From Archbishop Salvatore Cordileone’s address at the March for Marriage in Washington DC:
And let us not forget: we must also proclaim this truth especially with love for those who disagree with us on this issue, and most of all, for those who are hostile toward us. We must be careful, though, not to paint our opponents on this issue with broad strokes. There is a tendency in our culture to do this to groups of people the powerful don’t know and think they don’t like. We must not do that. We must recognize that there are people on the other side of this debate who are of good will and are sincerely trying to promote what they think is right and fair. It is misdirected good will. But even those from whom we suffer retribution – and I know some of you have suffered in very serious ways because of your stand for marriage – still, we must love them. That is what our ancestors in faith did, and we must, too. Yes, it is easy to become resentful when you are relentlessly and unfairly painted as a bigot and are punished for publicly standing by the basic truth of marriage as a foundational societal good; it is tempting to respond in kind. Don’t. For those of us who are Catholic, we just heard our Master command us in the gospel proclaimed at Mass the day before yesterday: “love your enemies and pray for those who persecute you” (Mt 5:44). We must not allow the angry rhetoric to co-opt us into a culture of hate.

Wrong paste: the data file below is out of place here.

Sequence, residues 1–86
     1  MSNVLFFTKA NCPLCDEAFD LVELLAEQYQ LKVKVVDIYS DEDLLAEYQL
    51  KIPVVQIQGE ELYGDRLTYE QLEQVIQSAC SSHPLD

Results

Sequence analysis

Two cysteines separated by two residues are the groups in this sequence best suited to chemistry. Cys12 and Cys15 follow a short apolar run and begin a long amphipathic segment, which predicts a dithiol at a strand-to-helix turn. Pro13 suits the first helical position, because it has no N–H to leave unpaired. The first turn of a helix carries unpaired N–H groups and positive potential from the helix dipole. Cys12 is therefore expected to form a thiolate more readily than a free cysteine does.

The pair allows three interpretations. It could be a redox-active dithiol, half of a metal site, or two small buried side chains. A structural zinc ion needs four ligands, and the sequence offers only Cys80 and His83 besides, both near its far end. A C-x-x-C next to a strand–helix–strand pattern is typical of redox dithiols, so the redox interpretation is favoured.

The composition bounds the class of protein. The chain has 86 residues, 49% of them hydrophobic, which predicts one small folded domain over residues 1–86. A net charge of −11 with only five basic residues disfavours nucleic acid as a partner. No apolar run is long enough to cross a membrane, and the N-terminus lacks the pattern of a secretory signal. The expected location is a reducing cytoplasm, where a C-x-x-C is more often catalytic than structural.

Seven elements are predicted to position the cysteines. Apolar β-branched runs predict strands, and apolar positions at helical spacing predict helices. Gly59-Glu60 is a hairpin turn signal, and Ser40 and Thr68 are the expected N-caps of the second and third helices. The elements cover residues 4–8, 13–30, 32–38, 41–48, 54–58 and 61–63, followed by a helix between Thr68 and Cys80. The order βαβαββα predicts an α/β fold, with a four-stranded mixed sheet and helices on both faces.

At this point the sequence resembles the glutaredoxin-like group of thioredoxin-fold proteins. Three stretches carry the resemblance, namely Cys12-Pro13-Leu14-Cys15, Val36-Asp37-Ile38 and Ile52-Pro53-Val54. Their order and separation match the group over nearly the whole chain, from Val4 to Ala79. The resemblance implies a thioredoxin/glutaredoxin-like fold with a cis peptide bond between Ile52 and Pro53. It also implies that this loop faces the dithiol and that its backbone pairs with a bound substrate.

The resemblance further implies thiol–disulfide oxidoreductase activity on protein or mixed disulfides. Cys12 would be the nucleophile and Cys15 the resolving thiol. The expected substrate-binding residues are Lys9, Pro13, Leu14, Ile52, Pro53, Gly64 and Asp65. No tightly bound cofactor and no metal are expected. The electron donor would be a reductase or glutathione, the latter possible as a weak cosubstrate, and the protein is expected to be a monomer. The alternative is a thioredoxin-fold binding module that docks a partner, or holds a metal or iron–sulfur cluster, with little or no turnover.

Read the rest there.